Last week, Film Club dived into the two Paul Thomas Anderson movies starring Daniel Day-Lewis. This week, in the final installment of our four-week series on the movies of this essential filmmaker, critics A.A. Dowd and Katie Rife tackle the other major director-star collaboration of Anderson’s career: the one-two punch of The Master and Inherent Vice. Then we close this month-long retrospective with our respective choices for the best of PT Anderson. Surprising spoiler alert: It might be the same film.
You can hear the entire conversation in the episode above, or read a lightly edited excerpt down below.
Katie Rife: Something that’s come up a lot over the course of these conversations [is how] Paul Thomas Anderson can tap into an actor’s essence and use it for a role. And watching these two films, I feel like Joaquin Phoenix’s energy is the opposite of Daniel Day-Lewis’ in many ways. It’s naturalistic, it’s loose. It’s the opposite of the controlled obsessive method that Daniel Day-Lewis uses.
A.A. Dowd: Interesting. I actually don’t know what Phoenix’s method is. Is he not a method actor?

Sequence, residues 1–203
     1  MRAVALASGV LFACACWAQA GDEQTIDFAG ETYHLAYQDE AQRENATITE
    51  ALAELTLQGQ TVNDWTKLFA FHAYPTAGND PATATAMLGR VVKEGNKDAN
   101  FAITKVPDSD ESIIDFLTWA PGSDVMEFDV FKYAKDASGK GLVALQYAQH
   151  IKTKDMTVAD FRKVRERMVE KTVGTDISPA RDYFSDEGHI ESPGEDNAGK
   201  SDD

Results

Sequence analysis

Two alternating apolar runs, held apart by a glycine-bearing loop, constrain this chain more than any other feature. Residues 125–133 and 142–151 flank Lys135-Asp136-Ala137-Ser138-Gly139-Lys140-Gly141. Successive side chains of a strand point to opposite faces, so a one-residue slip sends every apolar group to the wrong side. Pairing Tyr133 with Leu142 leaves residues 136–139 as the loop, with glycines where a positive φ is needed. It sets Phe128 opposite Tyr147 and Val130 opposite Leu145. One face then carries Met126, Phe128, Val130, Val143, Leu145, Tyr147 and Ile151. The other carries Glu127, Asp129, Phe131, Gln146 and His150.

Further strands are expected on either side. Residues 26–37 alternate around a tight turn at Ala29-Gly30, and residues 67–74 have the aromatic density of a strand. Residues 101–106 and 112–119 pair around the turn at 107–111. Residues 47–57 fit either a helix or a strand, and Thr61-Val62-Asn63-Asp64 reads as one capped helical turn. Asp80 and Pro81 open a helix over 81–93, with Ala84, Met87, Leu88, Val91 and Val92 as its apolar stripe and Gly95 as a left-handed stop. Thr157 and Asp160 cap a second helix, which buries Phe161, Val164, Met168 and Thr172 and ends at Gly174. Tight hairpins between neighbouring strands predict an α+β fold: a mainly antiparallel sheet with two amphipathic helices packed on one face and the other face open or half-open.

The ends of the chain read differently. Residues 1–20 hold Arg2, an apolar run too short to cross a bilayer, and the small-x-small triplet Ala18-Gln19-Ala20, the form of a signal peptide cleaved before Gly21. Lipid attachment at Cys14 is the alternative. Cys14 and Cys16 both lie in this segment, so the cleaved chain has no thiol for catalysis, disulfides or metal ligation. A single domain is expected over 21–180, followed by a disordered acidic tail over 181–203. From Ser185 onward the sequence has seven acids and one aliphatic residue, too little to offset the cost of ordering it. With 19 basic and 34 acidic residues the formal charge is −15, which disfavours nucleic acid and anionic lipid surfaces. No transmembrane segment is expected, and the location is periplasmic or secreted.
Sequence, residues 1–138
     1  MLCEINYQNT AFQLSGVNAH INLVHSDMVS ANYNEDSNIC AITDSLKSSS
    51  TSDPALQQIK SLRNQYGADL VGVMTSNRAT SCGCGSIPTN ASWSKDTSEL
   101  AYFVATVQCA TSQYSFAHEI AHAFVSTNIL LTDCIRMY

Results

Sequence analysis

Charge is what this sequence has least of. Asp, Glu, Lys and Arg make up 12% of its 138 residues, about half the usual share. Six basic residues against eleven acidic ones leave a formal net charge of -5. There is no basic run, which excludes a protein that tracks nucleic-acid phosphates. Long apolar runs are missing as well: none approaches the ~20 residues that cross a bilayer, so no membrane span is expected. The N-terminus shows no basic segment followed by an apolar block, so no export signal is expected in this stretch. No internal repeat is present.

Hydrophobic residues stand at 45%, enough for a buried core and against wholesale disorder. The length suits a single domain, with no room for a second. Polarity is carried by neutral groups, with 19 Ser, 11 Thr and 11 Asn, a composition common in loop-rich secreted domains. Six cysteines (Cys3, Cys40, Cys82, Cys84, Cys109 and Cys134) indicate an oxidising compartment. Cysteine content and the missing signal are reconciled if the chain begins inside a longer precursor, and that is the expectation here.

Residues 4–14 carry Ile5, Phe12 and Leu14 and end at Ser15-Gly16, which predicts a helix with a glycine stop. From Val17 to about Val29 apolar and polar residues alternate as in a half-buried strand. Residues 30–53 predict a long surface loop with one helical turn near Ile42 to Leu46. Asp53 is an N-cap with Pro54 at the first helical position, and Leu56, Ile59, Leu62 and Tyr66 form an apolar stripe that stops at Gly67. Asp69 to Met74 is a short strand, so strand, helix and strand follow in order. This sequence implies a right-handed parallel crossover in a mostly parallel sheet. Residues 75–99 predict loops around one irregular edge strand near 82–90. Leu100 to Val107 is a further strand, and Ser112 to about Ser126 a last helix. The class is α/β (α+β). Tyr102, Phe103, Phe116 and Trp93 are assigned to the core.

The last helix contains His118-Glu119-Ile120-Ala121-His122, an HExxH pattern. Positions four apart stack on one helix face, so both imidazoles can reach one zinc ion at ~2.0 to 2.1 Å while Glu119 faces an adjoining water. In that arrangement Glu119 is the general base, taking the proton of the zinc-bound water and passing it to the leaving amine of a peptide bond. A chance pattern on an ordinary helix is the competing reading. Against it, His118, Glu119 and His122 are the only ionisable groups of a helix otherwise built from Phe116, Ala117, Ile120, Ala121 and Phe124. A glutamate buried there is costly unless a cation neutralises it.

Katie Rife: Oh, I don’t know if he’s a method actor. I just mean that his energy is very—I don’t want to say animalistic, because that’s not quite correct. It’s earthy. It’s very sexual. It’s not as tightly controlled. He’s way more of a wild card
A.A. Dowd: Oh yeah, he’s a livewire, for sure. Honestly, “animalistic” is not wrong for The Master. I mean, the movie kind of directly makes that parallel. There are times when he behaves like something of a wild beast, you know?
Katie Rife: Yeah, absolutely. In Inherent Vice, it’s more controlled, but still he’s a man who’s driven by his instincts. He’s driven by wanting to get high. He’s driven by wanting to get laid. It’s more of a base kind of energy that he gives off as opposed to sort of the higher mind fussiness of Daniel Day-Lewis.
A.A. Dowd: Yeah, the characters Day-Lewis has played for Paul Thomas Anderson are these men who have very clear goals in mind. They are these men who are driven by their ambitions, in many ways. I think you’re right. That doesn’t really describe the characters that Phoenix plays in The Master and Inherent Vice. Two very different characters in some ways. But I definitely see the contrast that you’re drawing here, for sure.